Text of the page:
There was a point last month where I realized something. I had, in some small way, made it big.
It started with my couple journeys to being Freshly Pressed and moved onto my articles on Huffington Post Teen. From there, it was the influx of Twitter followers, closely followed by the vast number of blog subscribers I was accumulating every day. It was an insane amount of people coming into my life, and I wasn’t sure how to react.
I hate to call this fame, but in a way it is. Writers and bloggers aren’t celebrated in the same ways as actors or vloggers. We are subtle in our art and rarely truly celebrated for our work. It’s not that we aren’t appreciated, it just isn’t done with people making Twitter accounts using our names.
Since I was a child I’ve imagined what it would be like to be famous. At the age of 14 I was so obsessed with this idea that I wrote a novel based off of my own conceptions about the whole ordeal. But actually being recognized by people, I didn’t react the way I had thought. While I had thought I would make me feel self-righteous and fabulous, it had a rather different effect on me.
At first I was confused. Why were there people reading my humble writing, the stuff I just pop out when I feel the urge? Had someone recognizable in the writing community talked about me? Was I being featured somewhere? But there was no link to describe it all.
Then there was the embarrassment. What if someone reads my fangirl post? I am going to die if everyone learns about my weakness for dimples. What if someone really nasty leaves a comment over my enthusiasms? It would break me.
Last, but not least, was the pride. Not the pride of being the most fabulous goat in the pasture, but of being told I had actual talent. While I was under the impression I would go power-hungry, I had actually made me stronger as a person. I had newfound confidence in my writing, that what I was writing wasn’t complete rubbish. As a person I felt like I had something of worth to offer the world. And it was a game changer.
Fame is a word for being recognizable. It is associated with being big-headed and moronic, thinking that one can get away with something someone not famous cannot. But it’s not. It is the recognition that prompts people to become more confident in what they produce. It is a pat on the back saying, “Hey, you have your name out there, go do something with it.”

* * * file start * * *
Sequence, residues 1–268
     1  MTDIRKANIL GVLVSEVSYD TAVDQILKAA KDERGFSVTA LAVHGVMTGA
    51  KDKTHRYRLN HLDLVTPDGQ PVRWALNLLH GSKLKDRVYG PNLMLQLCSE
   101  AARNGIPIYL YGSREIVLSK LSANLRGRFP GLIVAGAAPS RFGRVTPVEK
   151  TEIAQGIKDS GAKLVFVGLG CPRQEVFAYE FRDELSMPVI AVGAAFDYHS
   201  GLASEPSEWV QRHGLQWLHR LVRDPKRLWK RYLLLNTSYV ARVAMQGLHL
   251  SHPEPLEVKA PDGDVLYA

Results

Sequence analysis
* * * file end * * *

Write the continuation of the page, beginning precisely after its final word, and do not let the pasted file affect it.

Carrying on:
Fame didn’t change me, as I had predicted. Fame made me into an impenetrable fortress of writing.
And it’s going to stay that way.
I hope you enjoyed this post! I’ve had so much writer’s block this week and this was the one thing I felt strongly enough about to elaborate on. I want to thank you all so much for your support in my writing career and for making me feel like a tiny celebrity. Before I know it, people will be asking me to kiss their babies!
Update: Today is the launch of a new segment, “Advice with Morgan & Ella.” You can find out all about it in the pages (titled “Enthusiast Advice”) above. My friend Ella and I are starting an advice column, in which you can send in your questions/quandaries/problems, and we will be happy to assist you!
This is my first blog post on my gorgeous new Cormac the MacBook and the two of us are working so well together I think I’m going to be in this relationship for the long haul. I head back to school tomorrow (cue children crying) and he and I will be working very closely together as the term starts and I work on writing/school/job/life.
As always, let me know what you think and subscribe if your heart desires it!
Stay classy, Internet,
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